By Alex Chong Do Thompson
I just finished reading Buddhism Without Beliefs, by Stephen Batchelor.
I enjoyed the book immensely, and it’s making me look at the dharma in a new way. The secularized Buddha that Batchelor presents is completely lacking any religiosity. In fact, he strikes me more as a scientist than a spiritual teacher. I could easily picture him standing in an auditorium, presenting his data on the causes of suffering to college students, and then jetting off to give a Ted Talk on the eight-fold path. As a result, I can’t help but wonder what American Buddhism will look like 100 years from now.
Will Buddhism even be called “Buddhism?” Or will we give it a new, more modern sounding name? Or maybe we’ll keep the name, but strip the practice of all the trappings that are normally associated with Buddhist teachings.
Perhaps the robes will be replaced with button-down shirts, and the Buddha statues will be replaced with cool-looking rocks. I don’t know, but it’s interesting to think what will happen if the idea of Secular Buddhism, which Batchelor teaches, is taken to its natural conclusion; and meditation practice goes the way of yoga.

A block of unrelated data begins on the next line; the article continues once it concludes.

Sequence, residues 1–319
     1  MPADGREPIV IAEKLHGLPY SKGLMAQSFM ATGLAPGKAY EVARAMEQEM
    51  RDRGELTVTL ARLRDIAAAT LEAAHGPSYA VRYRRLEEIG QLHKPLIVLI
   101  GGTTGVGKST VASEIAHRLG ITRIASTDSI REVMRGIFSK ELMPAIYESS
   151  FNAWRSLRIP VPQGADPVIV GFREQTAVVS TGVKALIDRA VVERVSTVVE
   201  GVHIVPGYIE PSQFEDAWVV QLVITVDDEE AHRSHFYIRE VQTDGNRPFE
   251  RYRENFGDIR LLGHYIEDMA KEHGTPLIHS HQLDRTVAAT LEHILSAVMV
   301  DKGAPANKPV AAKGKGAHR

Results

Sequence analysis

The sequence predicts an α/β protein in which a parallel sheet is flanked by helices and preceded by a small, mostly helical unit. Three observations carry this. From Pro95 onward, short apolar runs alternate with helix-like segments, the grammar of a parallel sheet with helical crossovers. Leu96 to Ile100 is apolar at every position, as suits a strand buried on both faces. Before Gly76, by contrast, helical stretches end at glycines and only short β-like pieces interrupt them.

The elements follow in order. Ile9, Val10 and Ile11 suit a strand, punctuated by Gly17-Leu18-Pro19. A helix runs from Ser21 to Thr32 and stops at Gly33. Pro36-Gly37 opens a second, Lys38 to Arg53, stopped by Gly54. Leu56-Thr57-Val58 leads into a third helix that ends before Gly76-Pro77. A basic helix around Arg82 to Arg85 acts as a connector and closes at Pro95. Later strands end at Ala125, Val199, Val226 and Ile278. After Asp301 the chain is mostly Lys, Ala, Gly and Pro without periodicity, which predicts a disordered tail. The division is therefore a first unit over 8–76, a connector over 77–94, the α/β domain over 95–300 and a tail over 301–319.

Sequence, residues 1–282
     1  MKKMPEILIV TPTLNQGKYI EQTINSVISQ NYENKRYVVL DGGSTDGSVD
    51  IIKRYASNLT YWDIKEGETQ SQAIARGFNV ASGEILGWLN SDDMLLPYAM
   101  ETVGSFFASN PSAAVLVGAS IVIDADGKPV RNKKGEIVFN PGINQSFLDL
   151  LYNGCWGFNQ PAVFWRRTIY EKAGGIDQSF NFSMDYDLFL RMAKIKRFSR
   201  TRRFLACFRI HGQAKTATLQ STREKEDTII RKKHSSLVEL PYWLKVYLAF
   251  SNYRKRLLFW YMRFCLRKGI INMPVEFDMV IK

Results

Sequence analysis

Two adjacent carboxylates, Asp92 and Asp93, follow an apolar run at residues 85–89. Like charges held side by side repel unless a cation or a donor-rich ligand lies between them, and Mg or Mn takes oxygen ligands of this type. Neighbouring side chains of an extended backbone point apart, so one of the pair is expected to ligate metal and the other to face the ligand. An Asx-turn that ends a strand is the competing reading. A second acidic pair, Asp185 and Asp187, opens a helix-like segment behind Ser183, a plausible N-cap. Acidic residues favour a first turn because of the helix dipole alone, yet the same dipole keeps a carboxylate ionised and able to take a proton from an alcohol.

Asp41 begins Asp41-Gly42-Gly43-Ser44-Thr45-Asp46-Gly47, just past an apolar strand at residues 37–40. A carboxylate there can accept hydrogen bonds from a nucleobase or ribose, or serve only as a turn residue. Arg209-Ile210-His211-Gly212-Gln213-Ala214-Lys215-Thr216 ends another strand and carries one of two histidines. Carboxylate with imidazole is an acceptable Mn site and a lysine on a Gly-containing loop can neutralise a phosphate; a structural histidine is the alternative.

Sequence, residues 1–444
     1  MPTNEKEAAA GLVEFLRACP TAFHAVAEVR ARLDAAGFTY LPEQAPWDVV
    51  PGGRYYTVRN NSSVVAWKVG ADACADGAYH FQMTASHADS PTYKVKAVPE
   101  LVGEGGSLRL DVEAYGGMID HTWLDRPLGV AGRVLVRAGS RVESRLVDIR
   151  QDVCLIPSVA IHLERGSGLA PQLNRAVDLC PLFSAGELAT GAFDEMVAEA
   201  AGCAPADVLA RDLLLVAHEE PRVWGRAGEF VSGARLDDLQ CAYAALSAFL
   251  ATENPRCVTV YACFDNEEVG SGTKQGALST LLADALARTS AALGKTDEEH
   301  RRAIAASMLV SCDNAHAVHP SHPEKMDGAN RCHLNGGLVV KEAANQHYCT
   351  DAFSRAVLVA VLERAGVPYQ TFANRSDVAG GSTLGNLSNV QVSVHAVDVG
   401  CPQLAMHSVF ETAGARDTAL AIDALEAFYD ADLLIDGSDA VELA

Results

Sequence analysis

Many people don’t realize that when yoga came to the United States it was part of a spiritual practice that included ethics, mind-training, and even dietary restrictions. However, it has now been secularized to the point that it’s primarily a form of exercise that people squeeze in between brunch and their morning lattes. Of course, this isn’t a bad thing, necessarily—healthy bodies often lead to healthy minds.
But it’s strange to think about a future where one can be certified as either a 200-hour, 300-hour, or 500-hour meditation teacher in much the same way that you find in yoga.
The Mindfulness Based Stress Relief movement is certainly heading in this direction. In fact, I once worked for a company that had a mindfulness coach come in to teach employees breathing exercises so that we could be more focused while working in our cubicles. Will future practice require us to trade enlightenment for greater work productivity?
Will the Buddha still be welcome when American Buddhism comes into its own? I don’t know. But it’s interesting to think about.
Editor: Dana Gornall
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